Certainly not life-altering, but a pleasant read from an affable, amusing narrator.

THREE WAYS TO CAPSIZE A BOAT

AN OPTIMIST AFLOAT

A modern-day Pollyanna takes to the high seas, cheerfully navigating obstacles on a somewhat random but ultimately moving voyage.

After a “brief brush with fame and fortune” as the original drummer for Genesis, Stewart “plunged into a life of well-deserved obscurity, but…great contentment.” Moving from job to job in London, the author caught a break when a friend’s wealthy relatives hired him to captain a sailboat for them. He accepted immediately, ignoring the pertinent detail that he had never actually sailed before. Clearly hijinks were in order, beginning with his arrival in Greece to find that the boat was being held by a curmudgeonly handyman. A crash course at a London sailing school turned out to be just that—on Stewart’s first journey, he careened into a dock. The author eventually grew accustomed to the nautical life, and the winter after his gig in Greece ended, he took another unexpected opportunity—a longer journey across the Atlantic tracing Leif Eriksson’s route to Newfoundland. The crew was larger on this voyage, allowing Stewart to share the responsibilities, but the challenges of the five-month-long trip were considerable nonetheless. Daily life on the sea was difficult, with temperatures that made it almost impossible to bathe, and endless meals of salted meats. There were moments of profound beauty—starlit skies and a team of new friends that managed, for the most part, to work together in harmony despite trying conditions—but this was hardly a pleasure cruise, with plenty of intense seasickness, hypothermia, life-threatening storms and aching boredom. Meanwhile, a romance back home was proving to be serious, and Stewart had to confront the fact that his years of wanderlust might not be as boundless as he had thought.

Certainly not life-altering, but a pleasant read from an affable, amusing narrator.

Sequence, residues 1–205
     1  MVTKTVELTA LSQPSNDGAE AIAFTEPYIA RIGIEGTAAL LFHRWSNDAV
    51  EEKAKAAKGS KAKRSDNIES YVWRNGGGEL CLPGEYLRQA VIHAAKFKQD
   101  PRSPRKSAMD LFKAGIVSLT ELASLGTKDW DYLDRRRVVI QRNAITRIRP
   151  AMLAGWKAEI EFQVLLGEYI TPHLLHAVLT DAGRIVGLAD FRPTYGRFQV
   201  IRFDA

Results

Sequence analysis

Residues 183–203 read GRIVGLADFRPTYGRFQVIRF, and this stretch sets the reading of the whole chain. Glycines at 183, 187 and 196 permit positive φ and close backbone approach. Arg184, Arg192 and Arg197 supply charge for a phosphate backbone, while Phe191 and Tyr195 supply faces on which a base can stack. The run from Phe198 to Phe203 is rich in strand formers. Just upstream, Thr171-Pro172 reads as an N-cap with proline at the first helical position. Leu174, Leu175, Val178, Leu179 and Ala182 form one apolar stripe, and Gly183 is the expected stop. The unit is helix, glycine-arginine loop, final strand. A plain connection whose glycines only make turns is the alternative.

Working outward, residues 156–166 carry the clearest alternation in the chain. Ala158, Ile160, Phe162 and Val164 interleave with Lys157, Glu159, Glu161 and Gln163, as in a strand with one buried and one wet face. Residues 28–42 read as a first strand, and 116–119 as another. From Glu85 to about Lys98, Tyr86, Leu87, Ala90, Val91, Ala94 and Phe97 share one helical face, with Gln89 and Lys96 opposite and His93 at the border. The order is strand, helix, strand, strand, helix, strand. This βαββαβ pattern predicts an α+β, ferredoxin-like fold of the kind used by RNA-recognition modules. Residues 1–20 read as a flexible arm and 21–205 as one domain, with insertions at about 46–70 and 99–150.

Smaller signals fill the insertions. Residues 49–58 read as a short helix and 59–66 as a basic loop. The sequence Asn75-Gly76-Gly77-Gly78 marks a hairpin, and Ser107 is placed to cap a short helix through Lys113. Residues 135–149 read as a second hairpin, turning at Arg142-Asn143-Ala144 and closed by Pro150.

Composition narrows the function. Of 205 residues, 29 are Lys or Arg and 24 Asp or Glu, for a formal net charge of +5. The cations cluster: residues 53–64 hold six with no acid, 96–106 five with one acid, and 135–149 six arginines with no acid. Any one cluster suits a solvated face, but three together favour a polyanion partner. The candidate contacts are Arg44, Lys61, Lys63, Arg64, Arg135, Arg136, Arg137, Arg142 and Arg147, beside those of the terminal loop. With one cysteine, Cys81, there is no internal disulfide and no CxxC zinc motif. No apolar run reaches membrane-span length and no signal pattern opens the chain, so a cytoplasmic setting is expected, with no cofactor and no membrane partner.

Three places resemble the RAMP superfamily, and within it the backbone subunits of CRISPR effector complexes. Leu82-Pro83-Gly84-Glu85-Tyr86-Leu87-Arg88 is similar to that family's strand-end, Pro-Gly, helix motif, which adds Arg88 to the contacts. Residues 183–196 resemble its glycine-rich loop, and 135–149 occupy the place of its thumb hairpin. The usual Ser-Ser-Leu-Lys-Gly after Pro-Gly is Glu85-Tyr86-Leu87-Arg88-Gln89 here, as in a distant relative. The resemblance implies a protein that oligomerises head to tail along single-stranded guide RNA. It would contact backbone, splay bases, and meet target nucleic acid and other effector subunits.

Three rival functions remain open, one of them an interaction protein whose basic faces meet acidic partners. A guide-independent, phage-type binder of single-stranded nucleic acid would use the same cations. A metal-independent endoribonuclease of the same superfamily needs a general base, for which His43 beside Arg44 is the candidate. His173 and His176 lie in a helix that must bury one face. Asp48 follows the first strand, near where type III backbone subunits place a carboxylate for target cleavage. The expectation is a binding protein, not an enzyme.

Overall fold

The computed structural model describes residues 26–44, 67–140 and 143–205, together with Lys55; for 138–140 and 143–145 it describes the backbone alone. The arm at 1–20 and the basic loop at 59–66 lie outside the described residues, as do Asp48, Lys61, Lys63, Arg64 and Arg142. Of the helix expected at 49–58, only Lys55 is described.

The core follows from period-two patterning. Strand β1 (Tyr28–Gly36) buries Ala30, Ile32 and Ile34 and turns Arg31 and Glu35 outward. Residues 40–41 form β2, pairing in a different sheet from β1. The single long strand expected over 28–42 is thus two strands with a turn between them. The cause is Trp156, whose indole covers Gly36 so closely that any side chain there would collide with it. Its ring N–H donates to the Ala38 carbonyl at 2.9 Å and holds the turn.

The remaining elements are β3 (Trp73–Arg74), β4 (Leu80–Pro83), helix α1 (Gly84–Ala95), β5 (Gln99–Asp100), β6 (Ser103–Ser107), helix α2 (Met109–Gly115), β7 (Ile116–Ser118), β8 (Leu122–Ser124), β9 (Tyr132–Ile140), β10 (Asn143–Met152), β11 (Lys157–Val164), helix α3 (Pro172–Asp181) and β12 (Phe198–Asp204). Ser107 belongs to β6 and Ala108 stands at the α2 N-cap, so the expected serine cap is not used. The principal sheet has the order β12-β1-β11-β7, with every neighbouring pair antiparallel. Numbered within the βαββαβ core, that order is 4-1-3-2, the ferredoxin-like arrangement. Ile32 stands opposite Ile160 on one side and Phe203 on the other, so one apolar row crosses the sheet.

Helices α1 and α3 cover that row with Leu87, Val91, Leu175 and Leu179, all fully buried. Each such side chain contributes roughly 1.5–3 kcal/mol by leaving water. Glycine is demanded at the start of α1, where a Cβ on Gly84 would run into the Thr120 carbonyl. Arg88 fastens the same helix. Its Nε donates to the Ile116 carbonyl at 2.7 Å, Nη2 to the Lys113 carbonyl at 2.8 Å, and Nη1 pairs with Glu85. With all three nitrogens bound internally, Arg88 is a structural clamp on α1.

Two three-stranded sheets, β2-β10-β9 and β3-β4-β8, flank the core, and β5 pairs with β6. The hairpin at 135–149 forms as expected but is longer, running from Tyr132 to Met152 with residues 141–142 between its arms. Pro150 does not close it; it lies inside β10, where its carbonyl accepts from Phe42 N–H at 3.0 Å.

Pub Date: May 25, 2010

ISBN: 978-0-307-59237-8

Page Count: 192

Publisher: Broadway

Review Posted Online: Jan. 11, 2011

Kirkus Reviews Issue: April 15, 2010

Did you like this book?

No Comments Yet

Doesn’t dig as deep as it could, but offers a captivating look at the NBA’s greatest era.

WHEN THE GAME WAS OURS

NBA legends Bird and Johnson, fierce rivals during their playing days, team up on a mutual career retrospective.

With megastars LeBron James and Kobe Bryant and international superstars like China’s Yao Ming pushing it to ever-greater heights of popularity today, it’s difficult to imagine the NBA in 1979, when financial problems, drug scandals and racial issues threatened to destroy the fledgling league. Fortunately, that year marked the coming of two young saviors—one a flashy, charismatic African-American and the other a cocky, blond, self-described “hick.” Arriving fresh off a showdown in the NCAA championship game in which Johnson’s Michigan State Spartans defeated Bird’s Indiana State Sycamores—still the highest-rated college basketball game ever—the duo changed the course of history not just for the league, but the sport itself. While the pair’s on-court accomplishments have been exhaustively chronicled, the narrative hook here is unprecedented insight and commentary from the stars themselves on their unique relationship, a compelling mixture of bitter rivalry and mutual admiration. This snapshot of their respective careers delves with varying degrees of depth into the lives of each man and their on- and off-court achievements, including the historic championship games between Johnson’s Lakers and Bird’s Celtics, their trailblazing endorsement deals and Johnson’s stunning announcement in 1991 that he had tested positive for HIV. Ironically, this nostalgic chronicle about the two men who, along with Michael Jordan, turned more fans onto NBA basketball than any other players, will likely appeal primarily to a narrow cross-section of readers: Bird/Magic fans and hardcore hoop-heads.